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The backstory: There was a major financial disaster that shook Wall Street in 2021 when Archegos Capital Management, a former client of Credit Suisse, got into some serious trouble. The hedge fund borrowed a ton of money to invest in big media companies like ViacomCBS and Discovery and some other tech giants using complicated strategies that involved making big bets. But then, when some of those bets backfired and it came time for the fund to pay up on its margin calls, it couldn’t. So, not only did some of those stocks it was heavily invested in start to crash in a massive liquidation, but some of the fund’s creditors, like Credit Suisse, also saw big losses. The bank lost US$5.5 billion and had a departure of top execs.
The thing is, Credit Suisse had also made some risky moves. It repeatedly overlooked red flags about Archego, increasing the bank’s exposure to the fund’s leveraged bets. Then, the bank actually lowered Archegos's credit rating, but at the same time, it increased its potential exposure limit from US$20 million to US$50 million, which was an unusual move. A report from a law firm called Paul, Weiss, Rifkind, Wharton & Garrison LLP dug deep into what went wrong at Credit Suisse during this whole crisis.
Over the past several years, Credit Suisse has faced several scandals and headwinds in the banking sector that eventually led to its collapse in March this year. So, Swiss bank UBS pulled off an emergency takeover of Credit Suisse, sealing the deal at a 3 billion Swiss francs (around US$3.25 billion) in June. Swiss authorities orchestrated this rescue mission to avoid a full-blown global banking crisis. As part of the agreement, UBS also took on shared losses linked to Credit Suisse.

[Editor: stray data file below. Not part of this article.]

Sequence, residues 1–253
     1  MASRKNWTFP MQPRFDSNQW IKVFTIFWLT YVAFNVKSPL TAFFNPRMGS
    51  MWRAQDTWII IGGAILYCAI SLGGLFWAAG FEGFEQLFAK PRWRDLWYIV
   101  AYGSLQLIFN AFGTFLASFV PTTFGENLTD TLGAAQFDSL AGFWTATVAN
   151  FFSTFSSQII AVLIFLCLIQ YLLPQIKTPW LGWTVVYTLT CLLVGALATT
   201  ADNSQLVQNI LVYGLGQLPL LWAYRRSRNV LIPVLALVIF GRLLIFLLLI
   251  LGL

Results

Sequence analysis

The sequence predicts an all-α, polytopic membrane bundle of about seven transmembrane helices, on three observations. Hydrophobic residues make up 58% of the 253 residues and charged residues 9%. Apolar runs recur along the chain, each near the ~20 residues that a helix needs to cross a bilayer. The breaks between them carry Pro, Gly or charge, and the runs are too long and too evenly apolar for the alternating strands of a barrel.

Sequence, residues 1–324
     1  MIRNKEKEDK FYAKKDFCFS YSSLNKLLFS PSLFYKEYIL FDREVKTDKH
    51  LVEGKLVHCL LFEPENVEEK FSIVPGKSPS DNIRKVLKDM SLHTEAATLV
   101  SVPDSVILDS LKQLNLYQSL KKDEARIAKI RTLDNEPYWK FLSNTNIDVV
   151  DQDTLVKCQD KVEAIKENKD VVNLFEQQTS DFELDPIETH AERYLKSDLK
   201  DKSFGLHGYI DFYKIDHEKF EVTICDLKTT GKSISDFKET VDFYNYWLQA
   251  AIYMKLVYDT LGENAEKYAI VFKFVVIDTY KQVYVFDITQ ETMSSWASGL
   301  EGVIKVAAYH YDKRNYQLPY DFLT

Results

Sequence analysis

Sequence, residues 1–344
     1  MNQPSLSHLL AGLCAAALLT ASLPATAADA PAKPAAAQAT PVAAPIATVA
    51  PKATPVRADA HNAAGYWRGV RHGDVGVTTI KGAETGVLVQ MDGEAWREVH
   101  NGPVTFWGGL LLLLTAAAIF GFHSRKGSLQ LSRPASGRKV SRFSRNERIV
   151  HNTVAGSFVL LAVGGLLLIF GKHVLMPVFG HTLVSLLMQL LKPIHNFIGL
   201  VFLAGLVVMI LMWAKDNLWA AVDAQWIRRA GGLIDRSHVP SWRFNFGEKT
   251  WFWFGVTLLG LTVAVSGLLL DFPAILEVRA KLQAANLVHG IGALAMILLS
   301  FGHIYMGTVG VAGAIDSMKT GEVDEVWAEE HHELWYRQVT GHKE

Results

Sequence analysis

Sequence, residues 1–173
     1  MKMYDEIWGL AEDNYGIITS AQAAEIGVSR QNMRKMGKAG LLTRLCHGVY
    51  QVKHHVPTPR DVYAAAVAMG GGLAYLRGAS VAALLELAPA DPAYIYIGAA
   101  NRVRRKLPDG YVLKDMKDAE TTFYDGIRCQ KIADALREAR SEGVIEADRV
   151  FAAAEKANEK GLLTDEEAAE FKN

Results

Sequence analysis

More recently: Credit Suisse has been facing a lot of legal challenges. The bank tried to avoid a trial over a boat-financing scandal in Mozambique, but the trial is still on. On top of that, it’s getting sued in Japan over bonds linked to a fund it operated with a company called Greensill, which also collapsed around the time of the Archegos disaster. Also, US lawmakers are accusing Credit Suisse of not cooperating in an investigation about accounts tied to Nazis after World War II. Since UBS has taken over, it has inherited all of these ongoing legal issues.
The development: UBS just agreed to pay a fine of about US$387 million because of Credit Suisse's links with Archegos. The US Fed slapped it with a US$268.5 million fine for what it deemed "unsafe and unsound counterparty credit-risk management practices." The Bank of England also hit it with an £87 million fine (around US$112 million), the biggest fine it’s ever given out. The UK regulator said the bank didn’t learn from its past mistakes and didn’t properly address concerns that had already been raised over its practices.
"Credit Suisse repeatedly failed to address identified risks associated with Archegos' portfolio despite repeated escalation of red flags by staff to multiple levels of management," said the US Federal Reserve Board.
"Credit Suisse’s failures to manage risks effectively were extremely serious, and created a major threat to the safety and soundness of the firm. The seriousness and widespread nature of those failures has led to today’s fine, which is the largest ever imposed by the PRA,” said Deputy Governor for Prudential Regulation and CEO of the UK Prudential Regulation Authority Sam Woods.
UBS “has already begun implementing its risk framework, including actions addressing these regulatory findings, across Credit Suisse,” said a statement from UBS on Monday.